The postseason drought ever since has been painful. Coughlin was forced out, and the Giants' long-awaited return to the playoffs last season was a one-and-done dud defined by Odell Beckham Jr.'s meltdown and -- after his infamous Miami boating trip with some teammates -- the popular postgame take that he'd left his talents in South Beach. Manning has weathered it all. Now he looks up and down the Giants' roster and sees a potentially great defense, a frighteningly good secondary, and a pair of new receivers in Brandon Marshall and tight end Evan Engram, the first-round pick out of (where else?) Ole Miss, who could make Beckham's life easier and give Eli his best shot yet to win ring No. 3.
"That's the goal," he told ESPN.com. "I feel we're putting together a special group of guys right now."
Manning doesn't use words like "special" for public consumption unless he means it.
"The culture, obviously, with the Giants is always good," he said, "and ownership is always going to do everything possible to put a winning team together. So I think there's a chance, and now it's a matter of, we've got to do our jobs."
Not many stars have done their jobs in the New York market with fewer missteps than Manning. He has tried to follow the Derek Jeter model, the stay-out-of-trouble-at-all-costs model, but nobody, not even Jeter, spends a full career in the big city without getting nicked along the way. The Yankees' captain got a little dirt on his uniform over his contentious relationship with Alex Rodriguez, and over an ugly contract standoff with management as his career was ending.
Manning? He has been named in a memorabilia fraud lawsuit that alleges the quarterback and the team passed off game-used helmets and jerseys that weren't, you know, used in a game. Manning angrily denied any wrongdoing and asked that people consider his track record when shaping their opinions about the case.
That track record, Manning said after a practice this week, was born of his philosophy from day one of consistently playing to a low-volume beat. "You just try not to get overwhelmed with everything going on, and New York can do that to you," Manning said. "And the media and just, you're kind of pulled this way and that way, and answering questions and ... anything you say is going to be a headline, or anything someone else says is going to be a headline. You just can't let it get you up and down. If you're worried about it, it's just going to drive you crazy. ... That's how I've always been, and I never let it change me."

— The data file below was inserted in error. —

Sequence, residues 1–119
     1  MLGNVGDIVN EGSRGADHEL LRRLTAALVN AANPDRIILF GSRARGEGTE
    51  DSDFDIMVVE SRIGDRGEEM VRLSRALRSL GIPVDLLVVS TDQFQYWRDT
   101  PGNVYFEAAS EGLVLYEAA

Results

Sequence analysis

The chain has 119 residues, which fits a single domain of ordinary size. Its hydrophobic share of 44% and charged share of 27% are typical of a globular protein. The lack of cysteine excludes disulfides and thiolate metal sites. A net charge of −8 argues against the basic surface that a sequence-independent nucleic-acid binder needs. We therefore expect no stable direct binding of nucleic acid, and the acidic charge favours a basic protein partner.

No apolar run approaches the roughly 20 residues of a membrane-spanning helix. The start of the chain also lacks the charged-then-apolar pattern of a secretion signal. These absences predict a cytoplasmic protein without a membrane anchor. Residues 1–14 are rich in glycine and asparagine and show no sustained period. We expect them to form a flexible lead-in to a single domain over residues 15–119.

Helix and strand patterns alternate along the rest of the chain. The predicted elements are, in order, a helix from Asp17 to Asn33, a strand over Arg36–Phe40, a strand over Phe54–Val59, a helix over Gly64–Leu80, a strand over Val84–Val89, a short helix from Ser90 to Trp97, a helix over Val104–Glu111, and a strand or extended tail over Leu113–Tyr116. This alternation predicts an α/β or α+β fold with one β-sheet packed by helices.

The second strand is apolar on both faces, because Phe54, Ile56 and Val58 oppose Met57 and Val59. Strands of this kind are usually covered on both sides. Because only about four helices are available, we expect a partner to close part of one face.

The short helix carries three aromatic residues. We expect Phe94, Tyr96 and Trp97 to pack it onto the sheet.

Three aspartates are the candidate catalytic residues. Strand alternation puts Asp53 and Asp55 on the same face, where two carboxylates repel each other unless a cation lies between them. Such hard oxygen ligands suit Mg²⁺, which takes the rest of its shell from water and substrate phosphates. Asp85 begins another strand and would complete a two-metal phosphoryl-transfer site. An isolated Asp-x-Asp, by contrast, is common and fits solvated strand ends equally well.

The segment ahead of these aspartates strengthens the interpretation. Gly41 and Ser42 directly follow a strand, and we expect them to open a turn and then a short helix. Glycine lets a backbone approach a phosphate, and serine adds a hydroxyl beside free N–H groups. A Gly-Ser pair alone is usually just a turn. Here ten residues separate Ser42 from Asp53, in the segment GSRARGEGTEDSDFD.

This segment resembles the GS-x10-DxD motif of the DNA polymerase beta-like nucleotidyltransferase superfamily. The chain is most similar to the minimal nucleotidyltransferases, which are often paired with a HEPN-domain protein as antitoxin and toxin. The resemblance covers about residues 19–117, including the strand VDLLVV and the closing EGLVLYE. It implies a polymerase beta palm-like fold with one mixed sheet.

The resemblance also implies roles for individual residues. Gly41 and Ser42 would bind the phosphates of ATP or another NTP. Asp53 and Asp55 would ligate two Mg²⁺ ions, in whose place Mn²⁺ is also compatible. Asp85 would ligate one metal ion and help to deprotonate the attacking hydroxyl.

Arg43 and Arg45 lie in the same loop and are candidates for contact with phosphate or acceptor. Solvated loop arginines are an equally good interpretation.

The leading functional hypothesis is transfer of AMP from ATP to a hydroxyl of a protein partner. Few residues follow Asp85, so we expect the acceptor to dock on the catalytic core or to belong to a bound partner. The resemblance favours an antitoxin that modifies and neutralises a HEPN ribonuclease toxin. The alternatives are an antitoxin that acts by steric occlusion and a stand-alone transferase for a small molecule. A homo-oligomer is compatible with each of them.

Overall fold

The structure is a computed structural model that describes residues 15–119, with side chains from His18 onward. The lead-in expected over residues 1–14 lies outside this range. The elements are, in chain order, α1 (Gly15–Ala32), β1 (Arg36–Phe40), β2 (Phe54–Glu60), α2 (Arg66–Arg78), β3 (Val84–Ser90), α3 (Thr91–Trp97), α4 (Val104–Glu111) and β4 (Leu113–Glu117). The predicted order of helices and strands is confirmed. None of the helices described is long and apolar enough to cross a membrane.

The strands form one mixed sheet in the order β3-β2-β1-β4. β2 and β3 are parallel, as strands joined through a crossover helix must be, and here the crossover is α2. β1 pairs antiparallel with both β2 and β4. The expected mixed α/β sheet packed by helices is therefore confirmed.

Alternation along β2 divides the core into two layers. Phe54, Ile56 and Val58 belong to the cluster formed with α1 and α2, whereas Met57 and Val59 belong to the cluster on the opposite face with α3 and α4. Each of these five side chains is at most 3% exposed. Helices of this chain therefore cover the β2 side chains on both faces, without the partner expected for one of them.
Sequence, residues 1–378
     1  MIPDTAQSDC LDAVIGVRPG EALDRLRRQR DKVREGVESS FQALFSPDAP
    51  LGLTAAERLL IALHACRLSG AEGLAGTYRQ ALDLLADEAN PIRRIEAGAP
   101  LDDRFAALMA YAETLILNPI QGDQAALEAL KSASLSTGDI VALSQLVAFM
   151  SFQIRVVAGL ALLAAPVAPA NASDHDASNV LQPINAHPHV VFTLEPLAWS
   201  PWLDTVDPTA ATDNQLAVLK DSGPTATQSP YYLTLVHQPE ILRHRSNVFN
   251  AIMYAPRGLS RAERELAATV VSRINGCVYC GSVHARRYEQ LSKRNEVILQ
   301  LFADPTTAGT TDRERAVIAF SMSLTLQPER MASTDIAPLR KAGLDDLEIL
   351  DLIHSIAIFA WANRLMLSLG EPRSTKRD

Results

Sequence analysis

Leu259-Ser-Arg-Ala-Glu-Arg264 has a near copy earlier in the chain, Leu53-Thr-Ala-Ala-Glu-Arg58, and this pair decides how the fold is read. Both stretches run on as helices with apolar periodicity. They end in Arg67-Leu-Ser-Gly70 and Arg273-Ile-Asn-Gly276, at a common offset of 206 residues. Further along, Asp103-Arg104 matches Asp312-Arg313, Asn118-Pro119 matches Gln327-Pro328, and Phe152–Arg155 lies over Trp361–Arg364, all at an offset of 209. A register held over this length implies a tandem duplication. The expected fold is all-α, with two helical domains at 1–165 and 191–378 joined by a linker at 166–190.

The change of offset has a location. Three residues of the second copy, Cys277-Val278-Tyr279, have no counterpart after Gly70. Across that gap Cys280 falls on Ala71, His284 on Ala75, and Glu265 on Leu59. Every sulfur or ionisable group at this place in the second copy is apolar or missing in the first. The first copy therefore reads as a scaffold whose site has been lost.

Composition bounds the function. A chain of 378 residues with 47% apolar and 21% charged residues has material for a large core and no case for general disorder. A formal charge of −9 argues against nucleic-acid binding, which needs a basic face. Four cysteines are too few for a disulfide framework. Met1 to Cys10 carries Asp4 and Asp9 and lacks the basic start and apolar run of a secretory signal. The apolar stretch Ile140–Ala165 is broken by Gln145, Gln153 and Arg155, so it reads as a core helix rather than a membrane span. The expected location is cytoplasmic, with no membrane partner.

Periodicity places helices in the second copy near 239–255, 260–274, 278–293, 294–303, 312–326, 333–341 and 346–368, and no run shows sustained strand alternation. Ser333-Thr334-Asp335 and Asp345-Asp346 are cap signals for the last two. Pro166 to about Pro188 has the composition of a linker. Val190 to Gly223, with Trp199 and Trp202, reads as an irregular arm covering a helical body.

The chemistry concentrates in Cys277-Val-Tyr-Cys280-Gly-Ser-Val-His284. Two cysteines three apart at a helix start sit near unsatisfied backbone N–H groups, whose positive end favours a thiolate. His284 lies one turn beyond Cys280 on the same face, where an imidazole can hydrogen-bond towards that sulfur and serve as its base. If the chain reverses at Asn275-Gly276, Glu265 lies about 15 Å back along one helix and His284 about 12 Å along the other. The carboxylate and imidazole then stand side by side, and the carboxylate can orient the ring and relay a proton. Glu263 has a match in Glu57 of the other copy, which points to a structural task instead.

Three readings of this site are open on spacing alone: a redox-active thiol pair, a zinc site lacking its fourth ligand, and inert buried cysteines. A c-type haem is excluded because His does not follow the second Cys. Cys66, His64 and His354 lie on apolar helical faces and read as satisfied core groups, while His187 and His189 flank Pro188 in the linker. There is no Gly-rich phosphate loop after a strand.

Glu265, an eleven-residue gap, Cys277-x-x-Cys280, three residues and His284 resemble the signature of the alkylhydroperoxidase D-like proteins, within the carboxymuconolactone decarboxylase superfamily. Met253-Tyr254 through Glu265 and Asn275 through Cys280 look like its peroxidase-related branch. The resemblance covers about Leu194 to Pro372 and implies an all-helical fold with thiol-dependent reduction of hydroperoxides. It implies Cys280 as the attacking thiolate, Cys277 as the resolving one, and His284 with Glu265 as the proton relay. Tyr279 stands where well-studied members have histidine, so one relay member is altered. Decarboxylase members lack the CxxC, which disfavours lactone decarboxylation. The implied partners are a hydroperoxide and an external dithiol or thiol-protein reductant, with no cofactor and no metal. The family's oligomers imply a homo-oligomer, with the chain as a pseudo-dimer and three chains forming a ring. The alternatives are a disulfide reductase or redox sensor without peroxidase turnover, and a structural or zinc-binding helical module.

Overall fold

The retired executive who made him a Giant, Accorsi, is thrilled that Manning never changed. If he hadn't made that draft-day deal with the Chargers, Accorsi would've taken Ben Roethlisberger over Philip Rivers with the fourth pick. Roethlisberger's coach at Miami of Ohio, Terry Hoeppner, told Accorsi he badly wanted Big Ben in the Big Apple, but the Giants' GM liked Manning a tad more. Accorsi's scouting report on Eli said the Ole Miss quarterback had "a chance to be better than his brother." Eli was never Peyton, but he did honor another part of that narrative.
"Has courage and poise," Accorsi wrote. "In my opinion, most of all, he has that quality you can't define. Call it magic."
Thirteen years later, despite the 2-2 Roethlisberger-Manning score in titles and the fact that the Giants surrendered their 2005 first-rounder -- San Diego picked Shawne Merriman, though the Giants still ended up with Corey Webster, Justin Tuck and Brandon Jacobs in that draft -- Accorsi wouldn't take a do-over. He was worried in the early years when the fans and the media were all over the quarterback. Accorsi would occasionally go out to dinner in Hoboken, New Jersey, and look over at the building Manning lived in at the time and figure the poor guy was holed up inside, half-afraid to come out. "And I'm the one who put him here," the GM would say.
But time and a couple of ticker-tape parades changed everything. So did Eli's staggering durability. Manning has made 16 starts a dozen consecutive seasons; Roethlisberger has made 16 starts only three times. "And the most remarkable thing to me," Accorsi said, "is if you picked one guy to miss no games, you would've picked Roethlisberger. He's built like a linebacker."